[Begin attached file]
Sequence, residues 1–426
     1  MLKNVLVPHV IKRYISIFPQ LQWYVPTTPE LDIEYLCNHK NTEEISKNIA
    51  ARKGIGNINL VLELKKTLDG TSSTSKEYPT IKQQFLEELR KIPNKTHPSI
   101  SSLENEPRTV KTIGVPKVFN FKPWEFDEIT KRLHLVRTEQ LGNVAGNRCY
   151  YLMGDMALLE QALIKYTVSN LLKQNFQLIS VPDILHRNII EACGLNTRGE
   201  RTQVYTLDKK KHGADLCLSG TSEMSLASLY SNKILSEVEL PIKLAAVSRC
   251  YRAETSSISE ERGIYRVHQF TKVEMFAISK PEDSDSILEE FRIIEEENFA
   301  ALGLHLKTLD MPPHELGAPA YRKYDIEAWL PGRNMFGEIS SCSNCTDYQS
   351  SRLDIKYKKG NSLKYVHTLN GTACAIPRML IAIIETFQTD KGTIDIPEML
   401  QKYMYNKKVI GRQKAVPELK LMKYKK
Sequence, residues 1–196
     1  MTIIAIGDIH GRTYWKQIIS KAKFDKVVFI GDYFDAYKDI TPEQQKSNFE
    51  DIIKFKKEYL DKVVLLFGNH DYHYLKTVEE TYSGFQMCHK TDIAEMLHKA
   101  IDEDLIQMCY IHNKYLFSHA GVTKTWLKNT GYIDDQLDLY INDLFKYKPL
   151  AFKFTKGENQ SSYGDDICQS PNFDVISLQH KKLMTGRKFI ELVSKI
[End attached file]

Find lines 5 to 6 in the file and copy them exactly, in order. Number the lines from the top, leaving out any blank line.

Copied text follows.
   151  YLMGDMALLE QALIKYTVSN LLKQNFQLIS VPDILHRNII EACGLNTRGE
   201  RTQVYTLDKK KHGADLCLSG TSEMSLASLY SNKILSEVEL PIKLAAVSRC